As the old journalism cliché has it, if it bleeds, it leads. News about Latin America is no different. Most people who give it any thought would say that Latin America is a region beset by drug lords, populist governments, and economies prone to collapse. But this view is a caricature. The region, like any other, has its share of difficulties, but the far more accurate, complete view emphasizes dramatic, positive changes and economic opportunity for those willing to make the effort to succeed.
For the past decade, Latin America has been on a tear, with average annual growth rates ranging between four and six percent in the aggregate (with global crisis years of 2002 and 2009 being the only exceptions). Along with Asia, Latin America is one of the world’s fastest growing markets, with some 800 million people who are rapidly gaining economic leverage and sophistication as middle class consumers. Economies are stable due to the reforms made with the advent of democracy. Central banks are largely independent, inflation and debt loads are under control, budgets are better managed, and economies are significantly more open to trade and investment today than in previous years.
Of course, not every nation is exactly the same. The top three economies by size—Brazil, Mexico, and now, Colombia—enjoy strong economic management as do Chile, Peru, and Uruguay, as well. Others have opted for populist authoritarian models that have proven to be less conducive for long term growth and integration into in the global economy. Nonetheless, given their significant role in supplying commodities to the world, particularly a growing China, virtually every South American nation has shown continued growth even in the midst of global downturn.
That may be changing, but the fundamentals remain compelling. As China slows and the commodities markets cool, South America, too, will slow, which is already occurring. In this scenario, it will be the better managed nations, which remain open to global trade, eschewing a retreat to protectionism that will emerge from the global slowdown even stronger than before. For its part, Mexico—which does not rely to the same extent as South America on the commodities trade with Asia and is more reliant on the strength of the US economy—is already enjoying higher growth levels this year than its counterparts further south.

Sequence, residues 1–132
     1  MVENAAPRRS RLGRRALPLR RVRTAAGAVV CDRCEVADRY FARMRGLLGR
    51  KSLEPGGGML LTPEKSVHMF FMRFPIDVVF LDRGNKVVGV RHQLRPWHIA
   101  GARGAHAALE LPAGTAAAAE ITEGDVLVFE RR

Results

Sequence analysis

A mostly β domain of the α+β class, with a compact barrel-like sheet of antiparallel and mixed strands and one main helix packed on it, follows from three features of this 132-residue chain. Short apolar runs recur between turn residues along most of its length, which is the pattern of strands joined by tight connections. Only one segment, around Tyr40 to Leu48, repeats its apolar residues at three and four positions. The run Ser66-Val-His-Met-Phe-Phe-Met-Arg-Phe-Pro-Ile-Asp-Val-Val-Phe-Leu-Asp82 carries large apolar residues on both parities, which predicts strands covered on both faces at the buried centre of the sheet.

Still, Latin America has two things that the world needs: food and energy. At seven billion, the world population is large and only getting larger. And Latin America is very well positioned to feed and supply the energy that the world needs. The region is globally competitive in agriculture, with vast, arable lands and ample supply of fresh water, coupled with conducive growing cycles and advanced proprietary technologies. As emerging markets develop, their populations will demand a higher daily caloric intake as well as higher quality of foodstuffs. This puts an even greater burden on net food consuming nations and amplifies their quest for food security, which Latin America can strive to fulfill.
A growing world uses more energy in aggregate and per capita consumption terms. Green and renewable energy production and consumption have become critically important. Latin America’s energy matrix is the cleanest in the world and includes significant utilisation of renewables including biofuels, hydro, and wind. At the same time, the Western Hemisphere, while also being a major producer of coal and oil, is rapidly developing its proven natural gas reserves which, together, are the largest in the world. Natural gas is cleaner burning than oil or coal, and it is relatively inexpensive compared to renewables. It represents a major opportunity to support global economic growth while doing so in a manner that contributes directly to climate change mitigation.
Trade between Latin America and Asia grew 355 per cent between 2000 and 2010 , reaching US$442 billion in 2011 much of which driven by natural resources and energy. According to the Asian Development Bank, Asia is now Latin America’s second largest trading partner at 21 per cent, second only to the US and surging ahead of EU.
With this in mind, Singapore is positioning itself strategically not only to capitalise on growth of the Latin America-Asia trade and investment flows but also on the opportunities Latin America has to offer itself. In energy, Singapore is already adding significant value to Latin American energy production. Companies such as Keppel and Sembcorp are engaged in Latin America’s energy sector, supplying oil rigs for drilling in the deep waters off Brazil. Singaporean knowhow, management expertise and capital is being strategically deployed in the region to help develop critical sectors and industries, including infrastructure, transport, logistics and Government—all of which are critical enablers of country-level competitiveness. Latin America is the most urbanised region of the world with close to 80% of its population living in cities. As a highly urbanised city state itself, Singapore has accumulated relevant experience in the effective management of cities and urban areas and is adapting some of these models in Latin America.
Latin America is a land of opportunity. It is not without risk, nor is each nation the same. But, for the committed corporation, savvy investor or the willing entrepreneur, Latin America is more than a diversity play. It is increasingly a core, valued region of any global business portfolio.
Eric Farnsworth is vice-president of AS/COA's Washington D.C. office.
G. Jayakrishnan is Group Director for Americas at IE Singapore.